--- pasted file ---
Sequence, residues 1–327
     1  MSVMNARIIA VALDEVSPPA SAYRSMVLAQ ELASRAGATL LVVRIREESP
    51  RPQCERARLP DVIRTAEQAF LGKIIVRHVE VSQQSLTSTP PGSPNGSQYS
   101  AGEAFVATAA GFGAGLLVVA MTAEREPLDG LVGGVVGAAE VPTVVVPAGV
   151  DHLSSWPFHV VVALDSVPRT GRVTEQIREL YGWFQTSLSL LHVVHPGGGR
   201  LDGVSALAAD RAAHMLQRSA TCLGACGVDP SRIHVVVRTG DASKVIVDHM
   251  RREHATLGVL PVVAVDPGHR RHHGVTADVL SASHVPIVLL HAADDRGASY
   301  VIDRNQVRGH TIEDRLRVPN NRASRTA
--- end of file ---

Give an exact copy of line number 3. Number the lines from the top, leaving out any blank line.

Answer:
    51  RPQCERARLP DVIRTAEQAF LGKIIVRHVE VSQQSLTSTP PGSPNGSQYS